To see the CILT video on YouTube click here

 

 

 

 

 

 

 

 

 

HIGH-QUALITY INFORMATION AT LOW COST  

Easy access to the wealth of commercial vehicle engineering news and analysis in 12 editions plus the full Commercial Vehicle Engineer archive now costs only £20 plus vat (£24). This will get you all the high-quality, independent transport engineering information you need, including uniquely detailed, regular reports on vehicle safety recalls, as well as unrivalled, impartial insights into subjects such as home-delivery vehicles, Euro 6 emissions legislation and truck operating costs.

Why not try the Commercial Vehicle Engineer app? It is available now for the Google Android smartphone and tablet operating system as well as for Apple's iPad and iPhone. The DAF Trucks-sponsored app gives you even faster fingertip access to all the commercial vehicle engineering information that really counts, wherever you are. And it is free to download.

 

 

The multi-award-winning monthly trusted by transport engineers and fleet managers.  

Think of Commercial Vehicle Engineer first. We usually are.

 









Updated
Thu 20 Apr, 2017
 
 


Click on the page-turning icon above to go direct to the latest edition.

 

April 2017

4 Comment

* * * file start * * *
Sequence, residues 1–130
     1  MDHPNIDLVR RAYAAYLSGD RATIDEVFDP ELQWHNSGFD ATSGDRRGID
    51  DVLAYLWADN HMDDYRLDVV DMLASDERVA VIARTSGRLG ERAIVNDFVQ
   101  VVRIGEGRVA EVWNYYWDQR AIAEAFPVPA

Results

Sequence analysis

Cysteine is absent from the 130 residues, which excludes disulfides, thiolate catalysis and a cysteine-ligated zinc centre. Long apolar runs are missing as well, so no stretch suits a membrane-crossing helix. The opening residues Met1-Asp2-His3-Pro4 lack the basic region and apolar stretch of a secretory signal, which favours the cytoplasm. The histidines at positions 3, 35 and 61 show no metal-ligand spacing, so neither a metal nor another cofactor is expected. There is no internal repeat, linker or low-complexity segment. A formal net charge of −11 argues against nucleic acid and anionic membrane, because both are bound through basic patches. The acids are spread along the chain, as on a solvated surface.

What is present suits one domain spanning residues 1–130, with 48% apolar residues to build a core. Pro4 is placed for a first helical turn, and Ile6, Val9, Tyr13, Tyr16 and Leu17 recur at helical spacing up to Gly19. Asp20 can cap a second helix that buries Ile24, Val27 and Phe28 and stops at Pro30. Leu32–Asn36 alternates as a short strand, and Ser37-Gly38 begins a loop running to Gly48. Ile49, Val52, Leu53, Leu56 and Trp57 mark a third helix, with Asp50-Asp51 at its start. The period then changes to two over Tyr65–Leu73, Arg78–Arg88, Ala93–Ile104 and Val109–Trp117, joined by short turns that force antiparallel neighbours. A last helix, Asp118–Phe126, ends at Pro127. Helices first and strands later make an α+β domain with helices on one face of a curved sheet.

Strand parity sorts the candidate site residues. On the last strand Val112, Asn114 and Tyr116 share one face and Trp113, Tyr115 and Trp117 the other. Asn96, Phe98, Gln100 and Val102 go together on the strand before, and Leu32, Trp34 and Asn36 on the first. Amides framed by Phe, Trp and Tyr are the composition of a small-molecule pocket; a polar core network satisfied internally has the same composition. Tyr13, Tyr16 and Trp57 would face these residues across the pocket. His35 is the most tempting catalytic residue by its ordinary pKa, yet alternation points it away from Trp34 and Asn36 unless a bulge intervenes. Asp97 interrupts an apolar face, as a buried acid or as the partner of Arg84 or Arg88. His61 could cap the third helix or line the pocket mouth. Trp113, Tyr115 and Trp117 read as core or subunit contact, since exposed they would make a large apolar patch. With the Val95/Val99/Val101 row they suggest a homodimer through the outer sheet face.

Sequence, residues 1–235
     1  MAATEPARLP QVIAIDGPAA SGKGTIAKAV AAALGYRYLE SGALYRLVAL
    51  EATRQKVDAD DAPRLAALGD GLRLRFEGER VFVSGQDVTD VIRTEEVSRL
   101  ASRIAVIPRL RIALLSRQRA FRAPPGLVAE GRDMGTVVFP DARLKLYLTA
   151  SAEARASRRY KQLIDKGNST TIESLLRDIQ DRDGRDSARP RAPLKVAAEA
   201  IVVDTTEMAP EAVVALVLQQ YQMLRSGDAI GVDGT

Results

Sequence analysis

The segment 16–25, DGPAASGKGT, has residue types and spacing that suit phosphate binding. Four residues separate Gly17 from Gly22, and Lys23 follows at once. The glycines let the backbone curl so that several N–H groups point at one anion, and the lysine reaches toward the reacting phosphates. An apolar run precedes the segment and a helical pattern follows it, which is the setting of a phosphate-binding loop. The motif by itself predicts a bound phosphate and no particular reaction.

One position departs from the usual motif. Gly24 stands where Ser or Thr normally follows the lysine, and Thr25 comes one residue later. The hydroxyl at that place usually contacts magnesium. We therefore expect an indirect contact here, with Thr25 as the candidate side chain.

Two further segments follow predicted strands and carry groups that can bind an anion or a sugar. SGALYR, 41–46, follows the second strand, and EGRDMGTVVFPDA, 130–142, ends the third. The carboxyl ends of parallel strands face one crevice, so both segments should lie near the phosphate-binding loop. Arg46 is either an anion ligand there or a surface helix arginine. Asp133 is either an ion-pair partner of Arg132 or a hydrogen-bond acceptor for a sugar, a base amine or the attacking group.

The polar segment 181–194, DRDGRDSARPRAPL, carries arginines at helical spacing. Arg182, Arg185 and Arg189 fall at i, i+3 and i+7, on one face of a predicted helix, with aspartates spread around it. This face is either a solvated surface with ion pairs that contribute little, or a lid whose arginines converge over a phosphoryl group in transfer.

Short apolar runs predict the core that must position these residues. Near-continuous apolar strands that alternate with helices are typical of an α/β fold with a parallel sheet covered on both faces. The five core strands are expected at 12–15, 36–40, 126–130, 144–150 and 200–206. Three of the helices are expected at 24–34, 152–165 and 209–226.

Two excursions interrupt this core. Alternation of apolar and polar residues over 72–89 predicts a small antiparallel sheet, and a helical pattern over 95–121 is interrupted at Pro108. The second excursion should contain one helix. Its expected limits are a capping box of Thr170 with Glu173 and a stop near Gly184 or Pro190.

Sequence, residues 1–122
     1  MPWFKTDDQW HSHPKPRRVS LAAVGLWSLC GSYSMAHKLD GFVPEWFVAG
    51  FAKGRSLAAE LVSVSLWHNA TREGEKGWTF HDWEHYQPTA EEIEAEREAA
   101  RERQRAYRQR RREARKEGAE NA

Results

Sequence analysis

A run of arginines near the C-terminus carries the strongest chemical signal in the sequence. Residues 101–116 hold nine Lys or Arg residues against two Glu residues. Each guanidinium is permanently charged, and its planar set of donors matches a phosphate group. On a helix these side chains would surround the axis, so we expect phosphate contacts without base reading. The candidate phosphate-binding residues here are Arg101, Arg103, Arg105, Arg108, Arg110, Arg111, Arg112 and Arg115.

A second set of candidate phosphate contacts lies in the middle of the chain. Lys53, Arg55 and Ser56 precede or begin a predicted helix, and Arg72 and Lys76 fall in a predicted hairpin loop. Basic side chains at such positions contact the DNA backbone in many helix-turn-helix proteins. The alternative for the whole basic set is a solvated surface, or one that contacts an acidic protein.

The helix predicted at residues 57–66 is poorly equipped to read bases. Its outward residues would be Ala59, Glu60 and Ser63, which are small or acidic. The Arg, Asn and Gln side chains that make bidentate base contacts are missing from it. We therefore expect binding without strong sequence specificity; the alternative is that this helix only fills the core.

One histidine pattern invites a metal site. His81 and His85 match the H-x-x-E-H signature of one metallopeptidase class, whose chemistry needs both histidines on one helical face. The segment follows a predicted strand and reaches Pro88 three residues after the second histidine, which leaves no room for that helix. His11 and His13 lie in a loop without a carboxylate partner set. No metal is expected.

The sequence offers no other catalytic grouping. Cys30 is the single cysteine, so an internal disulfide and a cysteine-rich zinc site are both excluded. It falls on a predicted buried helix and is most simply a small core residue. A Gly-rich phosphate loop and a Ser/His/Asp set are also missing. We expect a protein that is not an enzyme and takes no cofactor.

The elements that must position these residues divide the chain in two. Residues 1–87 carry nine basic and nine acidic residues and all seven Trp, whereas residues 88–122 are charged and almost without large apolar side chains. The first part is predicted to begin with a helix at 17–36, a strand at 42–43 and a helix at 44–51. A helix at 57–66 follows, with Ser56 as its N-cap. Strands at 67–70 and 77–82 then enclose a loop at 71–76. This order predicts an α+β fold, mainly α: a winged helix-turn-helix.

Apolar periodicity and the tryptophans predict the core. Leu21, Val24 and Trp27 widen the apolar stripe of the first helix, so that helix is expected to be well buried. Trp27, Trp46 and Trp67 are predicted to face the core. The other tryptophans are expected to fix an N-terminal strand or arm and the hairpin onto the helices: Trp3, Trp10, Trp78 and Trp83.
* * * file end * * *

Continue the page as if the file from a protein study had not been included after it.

Brexit: yesterday’s news for forward-looking commercial vehicle engineers. Consider some sobering road transport statistics. And lest you are inclined to dismiss them as barely credible in this era of "alternative facts", please be assured from the outset that their sources are impeccable and impartial. No less than 17 per cent of all Britain's traded goods, import and export combined, passes through one port, Dover. That means about £120 billion worth of trade annually. Dover's eastern docks, which handles European Union trade, can process as many as 10,500 trucks per day, as a consequence of the UK's membership of the EU single market and customs union. At the same port's western docks, where trucks from non-EU countries have to clear customs, the picture is rather different. There the throughput is about 500 trucks per day. Despite a computerised system called Customs Handling of Import and Export Freight (CHIEF), long delays are common because forms have to be filled in and import duties checked. Now cast your mind back to the French industrial action of a couple of years ago and the swiftly ensuing chaos resulting from mile after mile of stationary trucks on the M20 motorway, otherwise known as Operation Stack. Then try to imagine the impact of a similar blockage or even worse, going on indefinitely and starting less than two years from now when the UK is officially no longer an EU member and, if the government has its way, has also left the single market and customs union. There was no mention of Dover and scarcely any of Brexit by any speaker at a Brussels conference this month on connected and automated vehicles. Indeed it was described in passing by the moderator, a Brit as it happens, as "yesterday's news". But that is the point. The rest of the EU has already started to press on with making free trade within the single market operate even more smoothly than it does at present. Agreements have been reached on rapid harmonisation of the standards and regulations governing "connected" vehicles across Europe. Melanie Schultz, the dynamic Dutch transport minister behind last year's European Truck Platooning Challenge, is evidently losing no sleep over the UK's apparent determination to go its own way, regardless of the economic cost. She is already working closely with other EU countries on creating what she describes as "a cross-border proving ground" for truck platooning. If a post-Brexit Britain wants to join in eventually, it is simply going to have to follow rules set by others.